“I didn’t want him buried with the tricolour,” he said. “I think he besmirched it.”

Mr Adams said it was a difficult time for his family and asked for privacy from the media.

“It obviously tests your faith in humanity when an iconic figure like my father engages in the psychological and emotional and physical and sexual abuse of a child, of his child,” he said.

“But with attention, with understanding, with resolve and with love we can find our way through all of this.”

Mr Adams has faced accusations that he failed to address the allegation of sexual abuse against his brother.

In a television interview on Friday night, his niece told a television documentary that her father had abused her since the age of four.

A warrant has been issued for Liam Adams’s arrest by the PSNI.

Ms Tyrell said the Sinn Fein president had known about her sex abuse claims for the past 20 years. She also said that her father had confessed to his brother that he had abused her.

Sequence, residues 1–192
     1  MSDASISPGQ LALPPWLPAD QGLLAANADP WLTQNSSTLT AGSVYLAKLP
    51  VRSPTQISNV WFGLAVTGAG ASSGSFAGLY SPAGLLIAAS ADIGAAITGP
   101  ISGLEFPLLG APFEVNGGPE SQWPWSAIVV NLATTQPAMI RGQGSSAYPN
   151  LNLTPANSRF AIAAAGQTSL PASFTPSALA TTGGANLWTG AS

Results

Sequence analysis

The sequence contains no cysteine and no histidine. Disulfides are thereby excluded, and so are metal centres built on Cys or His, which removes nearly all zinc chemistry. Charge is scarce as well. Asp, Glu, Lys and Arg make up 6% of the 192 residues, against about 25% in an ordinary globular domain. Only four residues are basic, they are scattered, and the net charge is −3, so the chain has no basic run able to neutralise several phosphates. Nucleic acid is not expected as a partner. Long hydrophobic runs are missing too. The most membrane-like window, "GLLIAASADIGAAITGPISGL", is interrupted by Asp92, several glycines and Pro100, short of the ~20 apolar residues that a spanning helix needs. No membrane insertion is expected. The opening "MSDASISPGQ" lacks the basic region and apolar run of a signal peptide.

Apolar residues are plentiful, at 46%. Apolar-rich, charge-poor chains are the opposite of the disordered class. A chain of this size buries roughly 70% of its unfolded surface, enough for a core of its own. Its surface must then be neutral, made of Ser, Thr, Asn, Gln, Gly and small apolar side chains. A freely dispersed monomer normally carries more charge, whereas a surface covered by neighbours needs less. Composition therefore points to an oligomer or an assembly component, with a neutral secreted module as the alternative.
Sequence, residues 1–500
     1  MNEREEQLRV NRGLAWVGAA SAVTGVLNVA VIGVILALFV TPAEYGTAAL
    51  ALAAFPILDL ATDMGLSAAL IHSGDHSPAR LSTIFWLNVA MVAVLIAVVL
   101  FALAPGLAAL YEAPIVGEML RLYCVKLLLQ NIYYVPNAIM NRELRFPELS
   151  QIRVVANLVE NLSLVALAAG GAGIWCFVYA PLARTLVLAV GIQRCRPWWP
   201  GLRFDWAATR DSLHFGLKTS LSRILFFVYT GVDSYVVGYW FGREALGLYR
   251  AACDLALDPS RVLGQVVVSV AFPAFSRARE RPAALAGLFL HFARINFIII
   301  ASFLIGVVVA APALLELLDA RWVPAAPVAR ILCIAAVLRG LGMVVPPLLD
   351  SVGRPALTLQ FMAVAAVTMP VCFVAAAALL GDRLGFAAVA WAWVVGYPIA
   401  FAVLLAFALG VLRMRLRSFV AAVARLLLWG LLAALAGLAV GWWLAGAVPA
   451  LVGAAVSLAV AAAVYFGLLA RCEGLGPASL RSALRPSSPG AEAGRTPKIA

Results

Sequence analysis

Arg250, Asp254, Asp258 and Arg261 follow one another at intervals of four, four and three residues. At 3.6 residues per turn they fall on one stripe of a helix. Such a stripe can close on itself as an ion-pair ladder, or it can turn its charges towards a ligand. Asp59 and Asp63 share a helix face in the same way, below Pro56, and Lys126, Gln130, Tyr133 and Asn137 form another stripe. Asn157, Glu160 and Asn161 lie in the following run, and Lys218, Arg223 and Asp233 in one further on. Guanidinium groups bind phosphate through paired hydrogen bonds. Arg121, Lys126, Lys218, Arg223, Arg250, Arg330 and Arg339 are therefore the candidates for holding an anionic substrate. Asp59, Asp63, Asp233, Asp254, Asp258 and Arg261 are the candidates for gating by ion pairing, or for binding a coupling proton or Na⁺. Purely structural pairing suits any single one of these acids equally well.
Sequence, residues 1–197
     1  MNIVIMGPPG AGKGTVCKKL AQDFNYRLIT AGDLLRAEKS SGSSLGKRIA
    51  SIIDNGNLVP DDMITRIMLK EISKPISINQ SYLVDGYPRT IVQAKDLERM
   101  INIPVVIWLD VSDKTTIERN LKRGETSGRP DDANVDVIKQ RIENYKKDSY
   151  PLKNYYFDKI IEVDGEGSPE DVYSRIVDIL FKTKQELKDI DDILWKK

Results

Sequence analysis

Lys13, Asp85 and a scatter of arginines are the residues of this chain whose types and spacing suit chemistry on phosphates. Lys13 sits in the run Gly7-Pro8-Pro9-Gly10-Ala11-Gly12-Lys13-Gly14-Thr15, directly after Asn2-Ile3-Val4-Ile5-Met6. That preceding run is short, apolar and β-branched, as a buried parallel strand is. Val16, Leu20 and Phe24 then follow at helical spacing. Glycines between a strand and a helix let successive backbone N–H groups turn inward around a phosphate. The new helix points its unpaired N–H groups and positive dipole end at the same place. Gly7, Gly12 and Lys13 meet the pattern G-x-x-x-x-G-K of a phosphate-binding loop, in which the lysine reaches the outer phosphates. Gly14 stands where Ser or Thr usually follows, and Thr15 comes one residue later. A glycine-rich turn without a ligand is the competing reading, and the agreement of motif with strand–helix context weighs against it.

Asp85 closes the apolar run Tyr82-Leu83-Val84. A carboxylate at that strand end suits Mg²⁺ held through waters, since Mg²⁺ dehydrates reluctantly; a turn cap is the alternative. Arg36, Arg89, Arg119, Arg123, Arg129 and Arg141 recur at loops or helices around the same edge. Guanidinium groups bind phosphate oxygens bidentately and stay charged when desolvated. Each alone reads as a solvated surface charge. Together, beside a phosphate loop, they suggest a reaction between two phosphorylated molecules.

The programme revealed that Liam Adams, who is in his fifties, had been able to secure work in a youth club in west Belfast. He is wanted for 23 charges of rape and abuse between 1978 and 1983.

Ms Tyrell said she had decided to go public because she felt let down by the police, social services, the Catholic Church and her uncle Gerry.

She said that she and her mother Sally Campbell had told Gerry Adams about the abuse in 1987. He drove the mother and daughter to County Donegal to confront his brother but Liam denied the allegations. Ms Tyrell criticised the Adams family for not doing more to achieve justice for her over the past two decades.

“I wrote Gerry [Adams] a letter then saying: Look. I’m stopping contact. I accept your apology. OK. you didn’t have the means to deal with child abuse then but at the end of the day I’m better than meeting in the Culturlann [west Belfast community centre] for a rushed meeting.”


A number of questions have been asked regarding the handling of the matter by the British authorities.

In particular, Aine Tyrell’s mother has said that when she to took her daughter to the RUC to make the allegations against her former husband, the RUC seemed “more interested in recruiting her as an informer than dealing with Aine’s abusing father”.